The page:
Type Inference

We show how a sound type inference algorithm can be implemented in using a subject to occurs check constraint. The occurs-check is a check that is needed for a sound unification. It verifies that a variable is not bound to a term which contains the variable itself. Since this check is costly it is often omitted from Prolog systems. As result a Prolog system which omits the occurs-check might produce wrong results.

Consider the following problem of inferring a simple type for a lambda expression. Assume lambda expressions are built from applications app/2, abstractions lam/1 and variables. Simple types are either variables or functions spaces ->/2. Consider contexts T1 : X1, .., Tn : Xn that enumerate the variables of a lambda expression and their types. Let Γ |- T : E denote that the lambda expression E provides context Γ and has the simple type T. We can readily write down the following inference rules:

    -------------- (Id)
    A : X |- A : X

    Γ |- A -> B : S       Δ |- A : T               Γ, A : X |- B : T
    -------------------------------- (MP)        ---------------------- (->R)
           Γ, Δ |- B : app(S,T)            Γ |- A -> B : lam(X,T)

It is straight forward to produce a predicate typed/3 that takes a context Γ, a lambda expression E and then derives the type T if a smaller context Δ subset Γ exists such that Δ |- T : E. Unfortunately without a sound unification, we might assign types to lambda expressions we do not want them to have a simple type. For example we might get an erroneous affirmative for the self-application app(F,F):

/* SWI-Prolog */
?- typed(app(F,F), [F-A], B).
A = (A->B).

Or it might even happen that the Prolog system crashes:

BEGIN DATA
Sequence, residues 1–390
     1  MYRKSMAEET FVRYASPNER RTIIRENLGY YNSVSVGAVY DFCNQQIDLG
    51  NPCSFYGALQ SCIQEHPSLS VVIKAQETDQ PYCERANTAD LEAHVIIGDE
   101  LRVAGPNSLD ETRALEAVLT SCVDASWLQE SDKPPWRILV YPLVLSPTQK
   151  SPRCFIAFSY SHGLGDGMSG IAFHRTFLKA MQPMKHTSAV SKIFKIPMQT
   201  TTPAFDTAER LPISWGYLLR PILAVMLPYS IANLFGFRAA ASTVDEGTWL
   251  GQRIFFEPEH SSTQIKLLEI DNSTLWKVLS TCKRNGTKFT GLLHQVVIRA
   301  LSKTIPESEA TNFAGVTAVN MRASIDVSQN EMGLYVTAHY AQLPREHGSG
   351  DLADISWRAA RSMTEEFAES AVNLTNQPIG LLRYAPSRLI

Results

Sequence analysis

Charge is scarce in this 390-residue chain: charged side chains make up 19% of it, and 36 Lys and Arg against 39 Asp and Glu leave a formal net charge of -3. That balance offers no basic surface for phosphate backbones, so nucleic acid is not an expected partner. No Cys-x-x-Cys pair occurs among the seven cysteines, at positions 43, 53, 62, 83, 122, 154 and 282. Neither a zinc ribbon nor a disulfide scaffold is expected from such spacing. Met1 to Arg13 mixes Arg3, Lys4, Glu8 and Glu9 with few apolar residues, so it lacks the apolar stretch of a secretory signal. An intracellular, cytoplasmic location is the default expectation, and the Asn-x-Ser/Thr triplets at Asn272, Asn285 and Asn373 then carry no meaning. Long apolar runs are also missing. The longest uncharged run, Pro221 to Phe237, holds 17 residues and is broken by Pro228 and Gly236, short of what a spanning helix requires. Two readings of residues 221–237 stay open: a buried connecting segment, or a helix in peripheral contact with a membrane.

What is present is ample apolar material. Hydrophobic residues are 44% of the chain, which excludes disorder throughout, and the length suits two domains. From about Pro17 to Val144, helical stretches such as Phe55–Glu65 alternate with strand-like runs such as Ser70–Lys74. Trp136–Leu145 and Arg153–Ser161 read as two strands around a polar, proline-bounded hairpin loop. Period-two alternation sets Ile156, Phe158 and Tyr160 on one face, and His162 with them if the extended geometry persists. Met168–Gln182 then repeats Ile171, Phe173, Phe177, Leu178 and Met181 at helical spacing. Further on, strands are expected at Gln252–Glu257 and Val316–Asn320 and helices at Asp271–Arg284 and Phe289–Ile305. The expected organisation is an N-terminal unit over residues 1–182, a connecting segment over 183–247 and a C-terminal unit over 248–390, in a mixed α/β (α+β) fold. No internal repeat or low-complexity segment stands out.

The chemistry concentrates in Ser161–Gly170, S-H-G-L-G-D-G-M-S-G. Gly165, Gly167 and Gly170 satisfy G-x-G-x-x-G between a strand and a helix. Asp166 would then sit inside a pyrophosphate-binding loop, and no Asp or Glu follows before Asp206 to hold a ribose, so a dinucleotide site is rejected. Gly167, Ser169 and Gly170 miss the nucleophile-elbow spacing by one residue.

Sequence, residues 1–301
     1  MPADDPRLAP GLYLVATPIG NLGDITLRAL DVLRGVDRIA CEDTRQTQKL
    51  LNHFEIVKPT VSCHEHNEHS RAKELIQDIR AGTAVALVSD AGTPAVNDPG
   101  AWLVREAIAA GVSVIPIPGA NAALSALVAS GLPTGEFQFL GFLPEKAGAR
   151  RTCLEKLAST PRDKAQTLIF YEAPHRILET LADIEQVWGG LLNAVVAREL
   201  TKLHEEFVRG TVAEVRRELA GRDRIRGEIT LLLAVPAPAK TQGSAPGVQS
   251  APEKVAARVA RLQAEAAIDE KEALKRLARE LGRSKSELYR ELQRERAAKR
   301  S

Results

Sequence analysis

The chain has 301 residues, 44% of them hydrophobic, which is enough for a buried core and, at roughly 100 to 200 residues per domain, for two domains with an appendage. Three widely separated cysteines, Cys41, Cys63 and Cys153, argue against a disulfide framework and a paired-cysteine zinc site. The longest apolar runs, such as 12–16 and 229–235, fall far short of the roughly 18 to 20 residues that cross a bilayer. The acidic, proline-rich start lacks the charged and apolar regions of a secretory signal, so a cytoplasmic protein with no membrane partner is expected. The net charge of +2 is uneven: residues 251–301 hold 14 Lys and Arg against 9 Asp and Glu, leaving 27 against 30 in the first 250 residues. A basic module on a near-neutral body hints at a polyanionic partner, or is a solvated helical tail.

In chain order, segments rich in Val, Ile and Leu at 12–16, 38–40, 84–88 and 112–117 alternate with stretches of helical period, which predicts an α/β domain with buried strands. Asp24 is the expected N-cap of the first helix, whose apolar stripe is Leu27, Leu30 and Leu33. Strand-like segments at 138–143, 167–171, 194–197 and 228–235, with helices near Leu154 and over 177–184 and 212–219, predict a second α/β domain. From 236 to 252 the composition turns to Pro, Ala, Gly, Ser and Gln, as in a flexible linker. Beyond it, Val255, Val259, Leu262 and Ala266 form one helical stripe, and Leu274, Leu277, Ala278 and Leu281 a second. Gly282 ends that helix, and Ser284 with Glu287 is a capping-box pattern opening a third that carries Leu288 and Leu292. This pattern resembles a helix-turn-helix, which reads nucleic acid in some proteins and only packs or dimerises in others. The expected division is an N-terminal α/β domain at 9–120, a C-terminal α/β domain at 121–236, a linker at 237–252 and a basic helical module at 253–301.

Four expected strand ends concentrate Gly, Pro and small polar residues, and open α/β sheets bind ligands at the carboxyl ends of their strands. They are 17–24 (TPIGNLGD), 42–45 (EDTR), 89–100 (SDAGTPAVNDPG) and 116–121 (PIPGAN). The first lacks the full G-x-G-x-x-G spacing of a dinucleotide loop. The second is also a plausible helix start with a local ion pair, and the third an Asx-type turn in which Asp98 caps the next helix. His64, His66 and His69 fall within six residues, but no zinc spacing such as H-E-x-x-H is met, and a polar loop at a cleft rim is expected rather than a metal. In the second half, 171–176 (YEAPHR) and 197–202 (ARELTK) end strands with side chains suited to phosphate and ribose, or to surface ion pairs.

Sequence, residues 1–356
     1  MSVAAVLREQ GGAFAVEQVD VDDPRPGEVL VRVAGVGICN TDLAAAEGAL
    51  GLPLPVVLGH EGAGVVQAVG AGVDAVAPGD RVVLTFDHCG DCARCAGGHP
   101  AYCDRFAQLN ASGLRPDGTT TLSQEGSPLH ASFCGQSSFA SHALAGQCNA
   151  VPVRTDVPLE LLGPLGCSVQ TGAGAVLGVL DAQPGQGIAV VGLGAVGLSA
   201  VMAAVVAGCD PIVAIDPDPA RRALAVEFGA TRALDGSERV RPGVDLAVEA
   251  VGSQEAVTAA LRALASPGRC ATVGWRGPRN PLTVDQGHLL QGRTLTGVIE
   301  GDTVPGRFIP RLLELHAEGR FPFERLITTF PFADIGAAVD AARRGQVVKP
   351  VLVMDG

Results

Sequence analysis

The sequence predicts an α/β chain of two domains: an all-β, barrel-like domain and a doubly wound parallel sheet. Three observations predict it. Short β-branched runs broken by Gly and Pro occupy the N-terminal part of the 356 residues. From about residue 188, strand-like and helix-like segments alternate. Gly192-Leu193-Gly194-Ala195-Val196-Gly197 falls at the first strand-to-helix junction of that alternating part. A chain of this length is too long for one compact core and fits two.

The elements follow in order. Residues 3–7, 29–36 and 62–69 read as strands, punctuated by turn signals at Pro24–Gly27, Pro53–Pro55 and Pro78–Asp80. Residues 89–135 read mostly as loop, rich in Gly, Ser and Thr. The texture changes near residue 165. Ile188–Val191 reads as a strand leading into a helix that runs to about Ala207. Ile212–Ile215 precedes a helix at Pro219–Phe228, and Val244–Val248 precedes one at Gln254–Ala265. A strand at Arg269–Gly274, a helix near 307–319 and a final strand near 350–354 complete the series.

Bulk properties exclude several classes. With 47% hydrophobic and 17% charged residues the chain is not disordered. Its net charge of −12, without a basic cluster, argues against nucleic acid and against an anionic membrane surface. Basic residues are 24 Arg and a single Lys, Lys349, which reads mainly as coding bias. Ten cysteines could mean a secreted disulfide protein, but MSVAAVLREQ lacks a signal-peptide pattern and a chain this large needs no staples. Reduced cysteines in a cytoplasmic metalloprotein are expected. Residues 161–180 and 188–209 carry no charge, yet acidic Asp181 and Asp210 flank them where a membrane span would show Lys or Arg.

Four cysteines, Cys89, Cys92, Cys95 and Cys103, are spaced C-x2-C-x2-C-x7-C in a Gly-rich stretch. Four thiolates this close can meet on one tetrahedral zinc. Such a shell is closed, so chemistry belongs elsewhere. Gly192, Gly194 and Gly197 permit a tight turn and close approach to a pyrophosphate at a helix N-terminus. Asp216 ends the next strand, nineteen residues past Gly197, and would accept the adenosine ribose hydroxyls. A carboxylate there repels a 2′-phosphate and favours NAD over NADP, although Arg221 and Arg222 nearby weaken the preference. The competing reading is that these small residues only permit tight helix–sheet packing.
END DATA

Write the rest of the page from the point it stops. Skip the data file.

/* Jekejeke Prolog */
?- typed(app(F,F), [F-A], B).

There are a number of options to avoid either behaviour. Some Prolog systems provide a global flag that switches on the occurs-check for all unifications. Other Prolog systems implement the ISO predicate unify_with_occurs_check/2. Both approaches have their disadvantage. The former might slowdown unifications that don’t need the occurs-check, and the latter might need some cumbersome code rewriting. We present an alternative here by means of the Jekejeke Minlog attribute variables.

The idea is to use the sto/1 constraint that allows imposing an occurs check on the supplied variables. The sto/1 constraint is provided as part of the module herbrand. The detailed source code of this module can be found in the open source code corner of the Jekejeke Minlog web site. The sto/1 constraint is implemented with the help of attribute variables and eagerly checks the condition before the attribute variable is even instantiated. Here are some example uses of the sto/1 constraint:

?- use_module(library(term/herbrand)).

?- sto(X), X=f(Y).
X = f(Y),

?- sto(X), X=f(Y), Y=g(X).

The sto/1 constraint is now deployed like a variable declaration. Whenever one finds a fresh variable that needs an occurs check the sto/1 constraint should be used. In the case of our typed/3 predicate we only find the (MP) rule that needs an additional sto/1 constraint. The (MP) rule is non-analytic it introduces a new formula A in backward chaining. We therefore define a revised typed2/3 predicate with the following modified clause:

typed2(app(E,F), C, T) :- 
   typed2(E, C, (S->T)),
   typed2(F, C, S).

The sto/1 constraint needs also to be deployed for Prolog queries in the top-level. The general rule is the same here as for clauses. Whenever one finds a fresh variable that needs an occurs check the sto/1 constraint should be used. It is important that the sto/1 constraint is used before the argument receives a cyclic term. Since Jekejeke Prolog doesn’t support cy-clic terms, the sto/1 constraint will hang if it receives an already cyclic term.

Here are some examples for an accordingly modified predicate typed2/3:

?- sto((A,B,C)), typed2(app(E,F), [E-A,F-B], C).
A = (B->C),

?- sto((A,B)), typed2(app(F,F), [F-A], B).

?- sto(A), typed2(lam(X,lam(Y,app(Y,X))), [], A).
A = (_A->(_A->_B)->_B),

The predicate sto/1 might be a viable alternative to the other two approaches of introducing an occurs check into a Prolog text. The sto/1 predicate has the advantage that it can be selectively applied to variables where necessary. On the other hand it should be noted that the sto/1 predicate introduces an additional memory footprint in the form of allocated attribute variables and hooks.